People don’t care that he is genuinely one of the weirdest and funniest guys alive. Forget the fact that nobody hates Edward Cullen as much as Robert Pattinson does. He was in TWILIGHT. That is downright UNFORGIVABLE.
And I get it. I think the romance in Twilight is about as bad as it gets. Bella is a terrible role model for adolescent girls, and Edward is a glorified stalker. But Robert Pattinson is not Edward Cullen, and because I am so fond of lists, here are 7 Things I Love About RPattz:
1) He still doesn’t have a publicist. Maybe he’s exaggerating, but I don’t know. According to the hilarious interview he did post-cheating-scandal with Jon Stewart, he’s too cheap to hire somebody to deal with all of the publicity crap for him. Hey, I’m too cheap to buy tupperware! It’s a match made in heaven!!1!
2) He is incredibly bad at fitness. Whenever anybody mentions Taylor Lautner’s abs, Rob starts to laugh and comment on his absolute lack of them. And while his face was certain sculpted by the gods of jawporn, he really does have a sort of average joe thing going on. This is good! I hate exercise! We can stay inside and watch Netflix together and joke about how much we hate ourselves! Here he is talking about going to the beach in Australia and generally just being self-conscious.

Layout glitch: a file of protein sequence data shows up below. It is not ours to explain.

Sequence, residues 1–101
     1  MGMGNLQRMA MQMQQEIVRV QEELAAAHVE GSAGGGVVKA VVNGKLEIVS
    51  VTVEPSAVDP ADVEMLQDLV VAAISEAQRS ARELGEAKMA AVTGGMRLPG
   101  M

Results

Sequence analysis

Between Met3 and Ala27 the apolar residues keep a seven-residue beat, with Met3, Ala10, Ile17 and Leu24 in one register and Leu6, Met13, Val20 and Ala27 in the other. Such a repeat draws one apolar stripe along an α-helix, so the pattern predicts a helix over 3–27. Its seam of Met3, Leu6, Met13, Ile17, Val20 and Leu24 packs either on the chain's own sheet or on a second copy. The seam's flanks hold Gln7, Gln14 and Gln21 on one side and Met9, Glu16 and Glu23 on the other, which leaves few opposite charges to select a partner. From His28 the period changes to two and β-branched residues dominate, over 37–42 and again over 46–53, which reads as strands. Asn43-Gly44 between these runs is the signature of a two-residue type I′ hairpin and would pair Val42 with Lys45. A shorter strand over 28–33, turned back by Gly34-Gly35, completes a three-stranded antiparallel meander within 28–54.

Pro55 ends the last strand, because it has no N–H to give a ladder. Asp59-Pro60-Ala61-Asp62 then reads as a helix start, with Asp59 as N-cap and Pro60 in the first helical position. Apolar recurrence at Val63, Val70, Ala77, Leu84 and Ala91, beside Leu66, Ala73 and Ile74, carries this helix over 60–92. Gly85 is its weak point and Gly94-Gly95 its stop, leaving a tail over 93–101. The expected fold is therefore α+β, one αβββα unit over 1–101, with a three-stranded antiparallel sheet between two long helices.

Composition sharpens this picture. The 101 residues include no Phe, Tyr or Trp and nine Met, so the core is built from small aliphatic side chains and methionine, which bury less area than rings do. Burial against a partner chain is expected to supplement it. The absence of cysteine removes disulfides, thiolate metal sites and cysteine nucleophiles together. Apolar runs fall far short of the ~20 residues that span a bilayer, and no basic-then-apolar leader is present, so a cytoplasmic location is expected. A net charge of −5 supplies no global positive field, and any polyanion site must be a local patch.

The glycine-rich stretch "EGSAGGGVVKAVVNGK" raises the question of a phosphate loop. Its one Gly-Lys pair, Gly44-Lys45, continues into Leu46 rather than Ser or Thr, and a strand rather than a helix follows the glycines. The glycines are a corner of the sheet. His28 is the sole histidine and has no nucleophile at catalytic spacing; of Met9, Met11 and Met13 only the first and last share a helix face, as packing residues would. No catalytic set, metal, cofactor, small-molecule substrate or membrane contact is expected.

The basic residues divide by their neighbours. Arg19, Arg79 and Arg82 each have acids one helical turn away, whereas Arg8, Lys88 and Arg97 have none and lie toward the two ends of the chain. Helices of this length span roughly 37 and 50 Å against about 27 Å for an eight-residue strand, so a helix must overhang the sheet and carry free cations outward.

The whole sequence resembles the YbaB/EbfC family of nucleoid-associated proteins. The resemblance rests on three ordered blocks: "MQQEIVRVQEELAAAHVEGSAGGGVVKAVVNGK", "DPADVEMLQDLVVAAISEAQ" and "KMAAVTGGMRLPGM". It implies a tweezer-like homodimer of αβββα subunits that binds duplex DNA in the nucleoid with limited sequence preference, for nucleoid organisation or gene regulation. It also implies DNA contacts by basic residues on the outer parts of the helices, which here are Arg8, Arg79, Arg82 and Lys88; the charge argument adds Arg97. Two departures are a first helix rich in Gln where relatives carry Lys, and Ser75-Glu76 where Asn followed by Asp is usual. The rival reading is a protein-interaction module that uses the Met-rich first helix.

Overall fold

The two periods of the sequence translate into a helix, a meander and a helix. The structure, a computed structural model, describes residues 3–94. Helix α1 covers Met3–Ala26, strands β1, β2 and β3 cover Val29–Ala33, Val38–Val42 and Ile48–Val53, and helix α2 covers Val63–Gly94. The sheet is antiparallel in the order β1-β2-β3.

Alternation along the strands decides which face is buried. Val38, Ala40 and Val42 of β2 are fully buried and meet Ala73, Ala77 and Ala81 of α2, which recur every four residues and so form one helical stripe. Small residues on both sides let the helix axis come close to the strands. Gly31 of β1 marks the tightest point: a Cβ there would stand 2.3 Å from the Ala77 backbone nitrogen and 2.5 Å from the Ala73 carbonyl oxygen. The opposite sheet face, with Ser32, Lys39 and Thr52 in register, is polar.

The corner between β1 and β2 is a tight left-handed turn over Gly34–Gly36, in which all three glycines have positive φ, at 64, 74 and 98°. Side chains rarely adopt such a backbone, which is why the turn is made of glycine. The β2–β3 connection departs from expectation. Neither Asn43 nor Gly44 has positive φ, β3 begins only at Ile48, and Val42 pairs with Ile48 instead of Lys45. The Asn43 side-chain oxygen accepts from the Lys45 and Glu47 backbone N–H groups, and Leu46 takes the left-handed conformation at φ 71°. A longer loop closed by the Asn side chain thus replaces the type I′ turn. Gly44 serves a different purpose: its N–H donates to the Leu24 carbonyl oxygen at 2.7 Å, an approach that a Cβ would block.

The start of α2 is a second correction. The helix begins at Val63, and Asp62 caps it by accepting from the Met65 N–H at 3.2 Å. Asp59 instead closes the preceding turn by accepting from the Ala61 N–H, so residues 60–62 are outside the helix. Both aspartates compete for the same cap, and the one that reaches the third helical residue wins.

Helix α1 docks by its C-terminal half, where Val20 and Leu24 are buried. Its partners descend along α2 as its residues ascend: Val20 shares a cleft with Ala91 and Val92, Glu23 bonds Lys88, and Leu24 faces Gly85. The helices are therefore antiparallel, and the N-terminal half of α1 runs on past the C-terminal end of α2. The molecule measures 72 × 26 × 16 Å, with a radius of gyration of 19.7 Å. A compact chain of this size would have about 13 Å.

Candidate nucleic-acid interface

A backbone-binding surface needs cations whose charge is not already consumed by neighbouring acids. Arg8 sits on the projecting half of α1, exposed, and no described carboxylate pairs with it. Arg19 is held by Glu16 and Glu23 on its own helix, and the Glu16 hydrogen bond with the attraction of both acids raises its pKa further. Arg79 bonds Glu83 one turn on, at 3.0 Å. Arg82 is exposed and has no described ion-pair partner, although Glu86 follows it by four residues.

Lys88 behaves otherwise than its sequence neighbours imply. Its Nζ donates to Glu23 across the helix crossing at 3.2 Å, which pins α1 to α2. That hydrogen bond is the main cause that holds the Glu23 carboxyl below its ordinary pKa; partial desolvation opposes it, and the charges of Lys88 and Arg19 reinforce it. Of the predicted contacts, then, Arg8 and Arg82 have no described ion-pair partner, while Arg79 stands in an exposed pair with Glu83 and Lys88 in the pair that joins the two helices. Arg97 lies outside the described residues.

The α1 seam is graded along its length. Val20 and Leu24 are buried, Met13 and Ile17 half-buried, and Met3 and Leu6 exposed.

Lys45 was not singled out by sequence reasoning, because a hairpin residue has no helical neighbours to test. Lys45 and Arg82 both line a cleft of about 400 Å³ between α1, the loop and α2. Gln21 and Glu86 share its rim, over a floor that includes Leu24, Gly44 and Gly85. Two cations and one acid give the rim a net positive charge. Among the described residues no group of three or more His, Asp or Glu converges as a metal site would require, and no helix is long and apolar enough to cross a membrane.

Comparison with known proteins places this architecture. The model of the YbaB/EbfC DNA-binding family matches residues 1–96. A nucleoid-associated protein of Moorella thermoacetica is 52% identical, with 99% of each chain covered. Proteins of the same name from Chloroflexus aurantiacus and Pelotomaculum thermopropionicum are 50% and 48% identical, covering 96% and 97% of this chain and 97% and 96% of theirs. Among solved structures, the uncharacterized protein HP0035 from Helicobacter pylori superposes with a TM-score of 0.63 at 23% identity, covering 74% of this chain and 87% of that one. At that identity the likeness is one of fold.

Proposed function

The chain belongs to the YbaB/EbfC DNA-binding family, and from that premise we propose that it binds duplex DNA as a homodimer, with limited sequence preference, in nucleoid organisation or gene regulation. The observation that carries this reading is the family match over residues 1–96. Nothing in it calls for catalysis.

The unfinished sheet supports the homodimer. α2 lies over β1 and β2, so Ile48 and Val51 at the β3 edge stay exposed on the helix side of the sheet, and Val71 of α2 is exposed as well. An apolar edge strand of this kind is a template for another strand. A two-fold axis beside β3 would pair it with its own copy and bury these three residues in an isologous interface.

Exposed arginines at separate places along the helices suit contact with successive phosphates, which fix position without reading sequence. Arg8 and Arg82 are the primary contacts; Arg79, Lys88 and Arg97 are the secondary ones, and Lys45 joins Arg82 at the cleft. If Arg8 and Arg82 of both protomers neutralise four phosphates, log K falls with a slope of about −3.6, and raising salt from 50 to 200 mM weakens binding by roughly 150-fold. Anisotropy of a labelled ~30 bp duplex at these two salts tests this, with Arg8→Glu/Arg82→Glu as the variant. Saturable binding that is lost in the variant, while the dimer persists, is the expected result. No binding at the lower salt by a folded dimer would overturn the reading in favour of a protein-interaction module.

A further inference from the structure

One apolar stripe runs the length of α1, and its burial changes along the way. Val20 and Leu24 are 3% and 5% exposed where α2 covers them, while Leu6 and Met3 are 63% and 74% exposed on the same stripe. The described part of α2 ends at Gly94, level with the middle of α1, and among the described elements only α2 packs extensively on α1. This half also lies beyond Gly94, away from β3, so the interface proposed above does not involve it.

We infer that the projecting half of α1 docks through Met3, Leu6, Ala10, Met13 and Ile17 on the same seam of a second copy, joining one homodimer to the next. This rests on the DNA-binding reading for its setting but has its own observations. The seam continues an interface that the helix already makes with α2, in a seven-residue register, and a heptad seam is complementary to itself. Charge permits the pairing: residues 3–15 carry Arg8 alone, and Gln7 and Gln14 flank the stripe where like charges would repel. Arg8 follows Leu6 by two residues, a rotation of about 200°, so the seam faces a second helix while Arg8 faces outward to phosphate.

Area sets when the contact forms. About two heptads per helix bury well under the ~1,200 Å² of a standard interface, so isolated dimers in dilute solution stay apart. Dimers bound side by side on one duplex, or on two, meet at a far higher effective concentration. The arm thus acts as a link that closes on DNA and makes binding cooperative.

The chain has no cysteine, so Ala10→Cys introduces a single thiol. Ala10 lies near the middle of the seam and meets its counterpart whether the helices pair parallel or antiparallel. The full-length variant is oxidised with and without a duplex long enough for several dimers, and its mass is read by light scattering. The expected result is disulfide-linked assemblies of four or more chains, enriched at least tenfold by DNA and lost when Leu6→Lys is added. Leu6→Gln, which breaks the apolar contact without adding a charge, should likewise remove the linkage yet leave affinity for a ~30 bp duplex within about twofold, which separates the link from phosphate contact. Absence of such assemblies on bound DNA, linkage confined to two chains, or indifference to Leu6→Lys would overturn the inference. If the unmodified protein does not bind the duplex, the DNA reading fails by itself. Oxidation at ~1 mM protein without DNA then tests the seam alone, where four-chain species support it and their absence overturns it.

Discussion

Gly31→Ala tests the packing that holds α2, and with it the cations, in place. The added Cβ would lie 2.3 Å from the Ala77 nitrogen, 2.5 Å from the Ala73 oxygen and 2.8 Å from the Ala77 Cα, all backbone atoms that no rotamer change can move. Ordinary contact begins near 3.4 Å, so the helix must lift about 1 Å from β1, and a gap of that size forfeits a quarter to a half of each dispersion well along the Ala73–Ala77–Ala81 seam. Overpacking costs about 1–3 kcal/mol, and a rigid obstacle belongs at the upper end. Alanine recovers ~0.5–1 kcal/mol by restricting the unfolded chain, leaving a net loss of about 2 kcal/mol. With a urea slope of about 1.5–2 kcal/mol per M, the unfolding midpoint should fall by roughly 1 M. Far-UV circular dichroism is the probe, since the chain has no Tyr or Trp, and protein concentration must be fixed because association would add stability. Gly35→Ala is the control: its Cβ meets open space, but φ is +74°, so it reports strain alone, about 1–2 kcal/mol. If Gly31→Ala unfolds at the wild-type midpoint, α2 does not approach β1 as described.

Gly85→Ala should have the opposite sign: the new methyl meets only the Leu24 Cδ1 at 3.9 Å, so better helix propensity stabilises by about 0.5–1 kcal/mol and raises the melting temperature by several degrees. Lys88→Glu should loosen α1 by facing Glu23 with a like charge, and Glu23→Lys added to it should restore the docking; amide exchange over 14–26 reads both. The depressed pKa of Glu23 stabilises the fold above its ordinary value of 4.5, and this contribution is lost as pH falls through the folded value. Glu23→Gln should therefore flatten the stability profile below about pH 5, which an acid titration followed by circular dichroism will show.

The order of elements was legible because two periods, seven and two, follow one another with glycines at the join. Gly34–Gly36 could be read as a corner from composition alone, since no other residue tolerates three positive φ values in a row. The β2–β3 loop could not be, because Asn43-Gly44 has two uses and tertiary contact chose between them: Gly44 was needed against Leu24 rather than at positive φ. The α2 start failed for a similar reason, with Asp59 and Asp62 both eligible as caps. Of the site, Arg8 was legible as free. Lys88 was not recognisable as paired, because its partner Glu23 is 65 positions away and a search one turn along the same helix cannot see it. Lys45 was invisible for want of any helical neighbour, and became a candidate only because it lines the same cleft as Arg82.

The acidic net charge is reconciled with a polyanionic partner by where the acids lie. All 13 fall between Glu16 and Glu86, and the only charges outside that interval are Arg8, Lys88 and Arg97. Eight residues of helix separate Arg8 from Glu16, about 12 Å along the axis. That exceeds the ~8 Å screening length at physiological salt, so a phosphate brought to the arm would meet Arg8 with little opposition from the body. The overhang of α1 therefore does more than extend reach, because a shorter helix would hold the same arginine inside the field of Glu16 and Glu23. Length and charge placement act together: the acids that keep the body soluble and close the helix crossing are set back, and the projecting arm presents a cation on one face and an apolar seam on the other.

3) He buys his cars used. And on Craigslist. No seriously. He just like, shows up at peoples houses and buys things from them on Craiglist. He even barters, because he’s cheap. WHY DON’T YOU LOVE ME YET.
4) He has a magical friendship with Reese Witherspoon. I was never a huge R-Spoon fan, but they seem to have this very cool, weird, mystical bond. I don’t know why, but this interview is one of the rare moments when he talks about REAL things, and it kind of made me cry a little bit? I don’t know. Leave me alone.
5) He’s actually really weird and awkward. In almost every interview, he says something inexplicable, bizarre, and/or completely uncalled for. Here is a screenshot of the google image search for “robert pattinson derp,” which sums it up pretty nicely, I think.
6) He hates cats. Or maybe he doesn’t? But I’m taking this as confirmation. Hey, I’m totally allergic to cats. We can hang out in our cat-free trashcan together and adopt dogs and name them after serial killers or whatever you wanna do honey boo boo.
7) And okay. He is really handsome. And he can sing like a motherfucking angel. And he wants to have a bunch of children. And I could keep going, but I’ll leave it here because I’m having trouble breathing.
Honey, if you’re reading this, I love you. Please don’t ever date Taylor Swift. KBye.
-Taylor Brogan, Contributing Editor
Hey boys and girls. It’s time for an episode of Introversion for Dummies! I thought today we’d dive straight in to MY favorite topic:
That’s right, kids. There’s a difference.